Furthermore, a paper in “The Lancet Planetary Health” grouped all of the research regarding the health effects of green spaces in cities, proving that being around parks and forests greatly reduces mortality rates. This data matches with the aforementioned WHO report, proving that the lack of trees can increase mortality and health-related issues.
For example, research published ih “Environmental Health Perspectives” analyzed a group of a million adult residents in Rome, Italy. What came out from the study was that citizens of the Italian capital had more chances to get a stroke and respiratory problems if they didn’t live in a green area. The study, conducted by the Roman Department of Epidemiology, shows that the increase in health problems in residents not living in a green area is in the neighborhood of 3%.
One of the reasons this is possible is the fact that trees produce oxygen and absorb CO2 and other dangerous gasses produced by car engines, for example. This combination allows for our blood to bring more oxygenated cells to our brain and muscles, making us effectively feel better. And that’s not their only role, since trees can greatly contribute to climate change mitigation, since those gases (along with ozone, sulfur and nitrogen oxides) are a major cause of the greenhouse effect.
Less noise and pollution
Noise pollution is one of the big problems of our modern cities. As I’m writing this article, there’s an ambulance stuck in traffic, screaming under my apartment, there are cars honking, and dogs consequently barking. The combination of these factors makes for a mess that repeats itself every day.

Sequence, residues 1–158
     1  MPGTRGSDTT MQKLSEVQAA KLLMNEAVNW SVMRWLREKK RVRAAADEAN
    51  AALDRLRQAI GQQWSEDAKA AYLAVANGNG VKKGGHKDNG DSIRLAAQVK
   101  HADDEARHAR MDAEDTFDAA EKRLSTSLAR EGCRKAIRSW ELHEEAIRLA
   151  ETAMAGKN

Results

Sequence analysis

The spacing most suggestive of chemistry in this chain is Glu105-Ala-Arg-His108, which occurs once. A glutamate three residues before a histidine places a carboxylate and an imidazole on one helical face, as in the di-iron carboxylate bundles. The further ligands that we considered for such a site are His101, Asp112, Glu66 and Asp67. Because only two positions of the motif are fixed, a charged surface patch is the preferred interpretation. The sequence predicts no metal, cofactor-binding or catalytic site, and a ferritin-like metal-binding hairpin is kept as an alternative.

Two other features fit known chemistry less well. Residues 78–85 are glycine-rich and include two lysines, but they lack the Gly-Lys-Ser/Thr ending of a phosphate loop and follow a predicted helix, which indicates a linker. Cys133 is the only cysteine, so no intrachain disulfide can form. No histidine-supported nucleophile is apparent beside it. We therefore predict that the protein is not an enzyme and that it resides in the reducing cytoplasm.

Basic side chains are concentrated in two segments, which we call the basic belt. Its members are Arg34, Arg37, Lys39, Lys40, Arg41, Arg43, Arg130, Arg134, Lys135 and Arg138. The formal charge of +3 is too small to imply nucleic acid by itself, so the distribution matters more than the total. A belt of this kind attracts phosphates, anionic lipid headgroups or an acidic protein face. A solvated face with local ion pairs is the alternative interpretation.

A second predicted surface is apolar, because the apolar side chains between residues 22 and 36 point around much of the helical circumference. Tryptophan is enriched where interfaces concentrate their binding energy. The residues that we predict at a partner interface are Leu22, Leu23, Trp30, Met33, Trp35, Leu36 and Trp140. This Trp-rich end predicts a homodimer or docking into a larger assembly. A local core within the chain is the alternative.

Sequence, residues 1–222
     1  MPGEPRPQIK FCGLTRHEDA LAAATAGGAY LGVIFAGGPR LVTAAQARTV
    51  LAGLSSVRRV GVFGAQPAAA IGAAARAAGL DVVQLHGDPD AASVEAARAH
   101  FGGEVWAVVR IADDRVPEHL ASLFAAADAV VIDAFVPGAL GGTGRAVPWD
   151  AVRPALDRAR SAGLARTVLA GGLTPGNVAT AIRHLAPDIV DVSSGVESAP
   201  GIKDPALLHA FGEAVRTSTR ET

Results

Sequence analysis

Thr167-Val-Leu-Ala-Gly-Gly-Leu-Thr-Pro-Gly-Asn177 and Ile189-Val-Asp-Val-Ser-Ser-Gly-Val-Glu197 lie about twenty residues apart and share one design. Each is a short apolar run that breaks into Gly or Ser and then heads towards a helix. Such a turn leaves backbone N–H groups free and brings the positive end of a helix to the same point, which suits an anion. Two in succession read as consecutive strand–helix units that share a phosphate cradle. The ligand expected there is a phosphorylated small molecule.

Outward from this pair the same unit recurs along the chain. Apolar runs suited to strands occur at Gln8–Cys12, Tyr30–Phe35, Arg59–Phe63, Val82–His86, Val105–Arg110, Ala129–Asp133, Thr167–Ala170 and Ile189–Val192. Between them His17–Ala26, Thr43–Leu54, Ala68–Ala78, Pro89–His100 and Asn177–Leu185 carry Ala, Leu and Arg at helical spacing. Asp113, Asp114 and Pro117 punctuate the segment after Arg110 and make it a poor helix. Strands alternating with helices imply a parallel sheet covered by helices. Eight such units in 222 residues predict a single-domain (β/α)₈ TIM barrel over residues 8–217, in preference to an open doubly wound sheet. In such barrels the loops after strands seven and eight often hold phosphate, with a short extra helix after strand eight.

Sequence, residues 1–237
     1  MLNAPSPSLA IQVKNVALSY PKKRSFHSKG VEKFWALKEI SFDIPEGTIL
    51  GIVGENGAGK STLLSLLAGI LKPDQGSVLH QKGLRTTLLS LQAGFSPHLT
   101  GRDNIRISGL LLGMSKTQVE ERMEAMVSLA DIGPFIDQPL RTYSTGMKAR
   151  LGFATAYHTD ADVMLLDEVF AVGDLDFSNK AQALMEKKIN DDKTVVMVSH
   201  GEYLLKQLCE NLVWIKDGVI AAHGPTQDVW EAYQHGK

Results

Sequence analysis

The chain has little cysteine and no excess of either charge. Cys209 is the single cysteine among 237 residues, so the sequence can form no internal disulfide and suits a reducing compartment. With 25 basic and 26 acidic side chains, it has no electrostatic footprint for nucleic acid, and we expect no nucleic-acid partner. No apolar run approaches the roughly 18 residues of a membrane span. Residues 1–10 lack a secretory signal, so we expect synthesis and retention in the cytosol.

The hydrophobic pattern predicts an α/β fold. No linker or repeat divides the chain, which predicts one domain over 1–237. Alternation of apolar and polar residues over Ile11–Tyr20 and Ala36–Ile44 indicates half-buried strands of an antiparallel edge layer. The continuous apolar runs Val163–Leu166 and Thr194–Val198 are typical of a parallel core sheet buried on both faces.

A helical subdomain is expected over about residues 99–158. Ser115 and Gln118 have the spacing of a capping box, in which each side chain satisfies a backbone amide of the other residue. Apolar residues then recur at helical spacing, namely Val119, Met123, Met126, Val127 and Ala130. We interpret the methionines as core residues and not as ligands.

Cities, not mine, stay assured, have been trying for decades to dampen the noise levels only of a few decibels, occasionally failing and wasting taxpayers’ money.
Especially in poor areas, where the priorities in increasing land value are low, noise can be a daunting problem. This is a snake that eats its tail. Not only those areas are ignored in city development plans, but will also continue to be ignored because of their lower value, and so on…
On the other hand, instead of concrete and plexiglass barriers, a common solution has been simply to plant more trees. It seems that foliage greatly prevents noise, especially if they’re stopping it directly from the source.
Trees are an ideal natural barrier for sound, as they reduce noise levels not only physically, but also psychologically. Studies have shown that being detached by the source of noise greatly helps perceive it as less irritating.
Ultimately, the presence of trees not only decreases air pollutants and noise levels, but also increases property value around the area they’re planted in, making residents happier, healthier and wealthier.